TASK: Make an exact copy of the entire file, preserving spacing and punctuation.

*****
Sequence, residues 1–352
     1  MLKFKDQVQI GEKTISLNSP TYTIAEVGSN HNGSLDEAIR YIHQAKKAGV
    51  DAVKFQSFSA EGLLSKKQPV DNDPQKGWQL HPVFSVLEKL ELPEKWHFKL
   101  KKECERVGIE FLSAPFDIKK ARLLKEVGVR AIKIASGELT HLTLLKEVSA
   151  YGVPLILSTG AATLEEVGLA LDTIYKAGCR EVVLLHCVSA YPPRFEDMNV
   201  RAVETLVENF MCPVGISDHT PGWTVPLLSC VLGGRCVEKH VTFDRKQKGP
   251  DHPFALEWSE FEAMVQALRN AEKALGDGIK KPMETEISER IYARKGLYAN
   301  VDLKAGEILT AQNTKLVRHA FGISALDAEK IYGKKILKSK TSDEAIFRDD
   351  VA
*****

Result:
Sequence, residues 1–352
     1  MLKFKDQVQI GEKTISLNSP TYTIAEVGSN HNGSLDEAIR YIHQAKKAGV
    51  DAVKFQSFSA EGLLSKKQPV DNDPQKGWQL HPVFSVLEKL ELPEKWHFKL
   101  KKECERVGIE FLSAPFDIKK ARLLKEVGVR AIKIASGELT HLTLLKEVSA
   151  YGVPLILSTG AATLEEVGLA LDTIYKAGCR EVVLLHCVSA YPPRFEDMNV
   201  RAVETLVENF MCPVGISDHT PGWTVPLLSC VLGGRCVEKH VTFDRKQKGP
   251  DHPFALEWSE FEAMVQALRN AEKALGDGIK KPMETEISER IYARKGLYAN
   301  VDLKAGEILT AQNTKLVRHA FGISALDAEK IYGKKILKSK TSDEAIFRDD
   351  VA